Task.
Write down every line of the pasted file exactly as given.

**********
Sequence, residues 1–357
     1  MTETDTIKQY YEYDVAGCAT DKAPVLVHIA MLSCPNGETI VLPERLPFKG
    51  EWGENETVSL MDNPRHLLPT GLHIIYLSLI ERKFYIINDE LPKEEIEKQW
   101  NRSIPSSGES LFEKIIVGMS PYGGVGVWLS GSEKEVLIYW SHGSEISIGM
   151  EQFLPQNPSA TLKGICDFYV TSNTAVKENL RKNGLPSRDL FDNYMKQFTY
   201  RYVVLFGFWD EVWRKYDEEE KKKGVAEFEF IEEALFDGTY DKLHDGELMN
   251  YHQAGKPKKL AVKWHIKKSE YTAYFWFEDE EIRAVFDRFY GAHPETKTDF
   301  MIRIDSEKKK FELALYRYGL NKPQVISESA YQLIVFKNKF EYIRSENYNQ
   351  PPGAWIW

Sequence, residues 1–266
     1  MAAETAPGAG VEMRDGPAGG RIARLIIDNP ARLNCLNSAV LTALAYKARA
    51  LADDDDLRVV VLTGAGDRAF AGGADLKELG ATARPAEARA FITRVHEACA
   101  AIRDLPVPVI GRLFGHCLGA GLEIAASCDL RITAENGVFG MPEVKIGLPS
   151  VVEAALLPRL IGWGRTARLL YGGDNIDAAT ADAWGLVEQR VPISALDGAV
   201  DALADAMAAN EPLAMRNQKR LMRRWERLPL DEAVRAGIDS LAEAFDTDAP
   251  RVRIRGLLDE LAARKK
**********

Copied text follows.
Sequence, residues 1–357
     1  MTETDTIKQY YEYDVAGCAT DKAPVLVHIA MLSCPNGETI VLPERLPFKG
    51  EWGENETVSL MDNPRHLLPT GLHIIYLSLI ERKFYIINDE LPKEEIEKQW
   101  NRSIPSSGES LFEKIIVGMS PYGGVGVWLS GSEKEVLIYW SHGSEISIGM
   151  EQFLPQNPSA TLKGICDFYV TSNTAVKENL RKNGLPSRDL FDNYMKQFTY
   201  RYVVLFGFWD EVWRKYDEEE KKKGVAEFEF IEEALFDGTY DKLHDGELMN
   251  YHQAGKPKKL AVKWHIKKSE YTAYFWFEDE EIRAVFDRFY GAHPETKTDF
   301  MIRIDSEKKK FELALYRYGL NKPQVISESA YQLIVFKNKF EYIRSENYNQ
   351  PPGAWIW

Sequence, residues 1–266
     1  MAAETAPGAG VEMRDGPAGG RIARLIIDNP ARLNCLNSAV LTALAYKARA
    51  LADDDDLRVV VLTGAGDRAF AGGADLKELG ATARPAEARA FITRVHEACA
   101  AIRDLPVPVI GRLFGHCLGA GLEIAASCDL RITAENGVFG MPEVKIGLPS
   151  VVEAALLPRL IGWGRTARLL YGGDNIDAAT ADAWGLVEQR VPISALDGAV
   201  DALADAMAAN EPLAMRNQKR LMRRWERLPL DEAVRAGIDS LAEAFDTDAP
   251  RVRIRGLLDE LAARKK